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Folks,

I am producing a 10-part audio documentary series about life in America during WWII. It will be commercially distributed online. I am planning on using quite a bit of archival audio for this series—network news broadcasts, AFRS broadcasts, audio from newsreels and other films, music from V-Discs, etc. I have a pretty good handle on which of these are public domain and which are clearly under copyright (for example, NBC broadcasts, recorded by the network itself). However, I am not at all clear about what entity, if any, with which I should be negotiating rights clearances for CBS and Mutual news broadcasts. As I understand it (and please correct me if I am wrong) all or most of the existing transcriptions of CBS WWII broadcasts were recorded by then CBS-affiliate KIRO in Seattle, which eventually became the source for the Milo Ryan archive at the University of Washington.

So here is the essence of my confusion: if KIRO made these recordings on the sly, for posterity, in the clear knowledge that they were defying CBS policy NOT to make recordings of their broadcasts, and if CBS themselves didn’t copyright their broadcasts, which I don’t believe they did, then the only entity that could possibly have rights to these recordings is KIRO. And KIRO has changed hands several times over the decades, is no longer a CBS affiliate, and is now owned by a subsidiary of the Mormon Church, Bonneville Communications. I have previously seen reference to CBS as the entity that one needed permission to use these WWII clips, but I have also seen reference, on the University of Washington website to contact “KIRO-CBS” for permission, and I don’t know how to parse that. Did they mean KIRO, which was once a CBS affiliate, or CBS, or both.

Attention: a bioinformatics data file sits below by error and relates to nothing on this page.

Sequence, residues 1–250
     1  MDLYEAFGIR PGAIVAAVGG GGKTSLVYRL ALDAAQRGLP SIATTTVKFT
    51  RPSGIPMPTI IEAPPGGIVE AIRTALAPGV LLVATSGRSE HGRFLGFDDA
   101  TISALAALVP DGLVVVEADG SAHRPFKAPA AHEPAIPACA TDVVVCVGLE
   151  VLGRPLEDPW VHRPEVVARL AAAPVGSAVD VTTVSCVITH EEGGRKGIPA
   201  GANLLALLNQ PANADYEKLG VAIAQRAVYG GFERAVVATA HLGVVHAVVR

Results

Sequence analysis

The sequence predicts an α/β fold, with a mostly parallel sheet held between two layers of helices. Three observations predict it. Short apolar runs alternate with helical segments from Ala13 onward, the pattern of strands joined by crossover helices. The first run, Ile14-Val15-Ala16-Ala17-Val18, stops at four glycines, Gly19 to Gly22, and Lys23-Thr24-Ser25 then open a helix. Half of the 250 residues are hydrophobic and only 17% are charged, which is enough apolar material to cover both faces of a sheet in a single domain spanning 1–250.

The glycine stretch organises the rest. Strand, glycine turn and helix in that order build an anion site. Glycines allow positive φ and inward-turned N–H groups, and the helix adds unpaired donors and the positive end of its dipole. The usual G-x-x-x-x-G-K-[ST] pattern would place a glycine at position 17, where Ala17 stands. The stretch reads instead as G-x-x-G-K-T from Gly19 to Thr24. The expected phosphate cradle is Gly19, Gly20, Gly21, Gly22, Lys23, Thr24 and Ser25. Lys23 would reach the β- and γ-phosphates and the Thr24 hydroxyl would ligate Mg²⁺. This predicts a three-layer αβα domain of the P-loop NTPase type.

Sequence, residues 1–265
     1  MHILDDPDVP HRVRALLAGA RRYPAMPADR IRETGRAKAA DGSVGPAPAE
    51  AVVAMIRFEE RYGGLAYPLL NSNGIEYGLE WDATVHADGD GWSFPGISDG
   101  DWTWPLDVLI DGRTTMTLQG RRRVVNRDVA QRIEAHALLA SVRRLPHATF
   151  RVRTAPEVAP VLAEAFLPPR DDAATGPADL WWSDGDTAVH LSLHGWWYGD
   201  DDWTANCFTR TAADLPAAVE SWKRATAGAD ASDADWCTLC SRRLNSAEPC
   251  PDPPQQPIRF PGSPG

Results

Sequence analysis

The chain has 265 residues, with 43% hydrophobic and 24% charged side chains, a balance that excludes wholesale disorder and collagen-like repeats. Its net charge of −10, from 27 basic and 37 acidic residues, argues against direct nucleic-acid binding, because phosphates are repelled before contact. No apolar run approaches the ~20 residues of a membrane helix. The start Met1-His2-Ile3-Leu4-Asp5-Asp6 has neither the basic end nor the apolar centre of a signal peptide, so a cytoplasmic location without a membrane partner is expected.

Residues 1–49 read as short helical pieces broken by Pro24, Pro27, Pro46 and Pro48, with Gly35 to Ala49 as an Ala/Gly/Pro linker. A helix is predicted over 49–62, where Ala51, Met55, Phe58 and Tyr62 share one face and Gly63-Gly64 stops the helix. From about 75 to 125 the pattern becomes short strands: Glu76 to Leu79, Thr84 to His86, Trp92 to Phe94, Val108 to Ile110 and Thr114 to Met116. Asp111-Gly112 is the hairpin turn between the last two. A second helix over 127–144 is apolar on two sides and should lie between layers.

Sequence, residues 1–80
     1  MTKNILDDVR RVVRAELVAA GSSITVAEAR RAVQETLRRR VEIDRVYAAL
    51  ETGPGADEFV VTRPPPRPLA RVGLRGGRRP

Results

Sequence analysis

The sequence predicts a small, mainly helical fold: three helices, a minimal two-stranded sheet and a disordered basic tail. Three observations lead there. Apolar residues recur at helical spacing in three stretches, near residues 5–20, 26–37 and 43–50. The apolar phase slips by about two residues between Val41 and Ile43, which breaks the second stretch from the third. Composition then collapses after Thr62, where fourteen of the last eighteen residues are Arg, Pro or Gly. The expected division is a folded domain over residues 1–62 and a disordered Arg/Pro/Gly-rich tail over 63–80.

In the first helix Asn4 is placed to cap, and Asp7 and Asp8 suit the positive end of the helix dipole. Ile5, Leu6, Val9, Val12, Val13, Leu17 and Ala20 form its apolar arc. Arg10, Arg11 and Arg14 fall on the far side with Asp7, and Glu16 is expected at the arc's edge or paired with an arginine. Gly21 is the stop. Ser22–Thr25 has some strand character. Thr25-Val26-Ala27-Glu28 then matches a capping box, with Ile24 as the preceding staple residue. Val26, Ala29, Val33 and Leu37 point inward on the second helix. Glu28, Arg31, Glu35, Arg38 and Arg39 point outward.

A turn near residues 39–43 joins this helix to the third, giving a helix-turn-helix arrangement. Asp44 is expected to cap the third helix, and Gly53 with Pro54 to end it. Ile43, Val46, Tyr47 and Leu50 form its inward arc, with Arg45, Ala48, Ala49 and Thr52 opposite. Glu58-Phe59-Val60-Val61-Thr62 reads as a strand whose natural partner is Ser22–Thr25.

So that’s part one of my confusion.

Part two has to do with Mutual radio broadcasts from WWII. They were all (or mostly) recorded by WOR, from what I understand, which as the flagship Mutual station at the time. Both WOR and Mutual have gone through a dizzying number of owners and affiliations over the decades, so I’m not at all sure if I should be talking to the current owners of WOR, or the current owners of Mutual, both, or neither.

Any suggestions to either of these queries would be greatly, greatly appreciated.

All the best,
Dan

Dan Gediman
Executive Producer
The Home Front: Life in America During WWII

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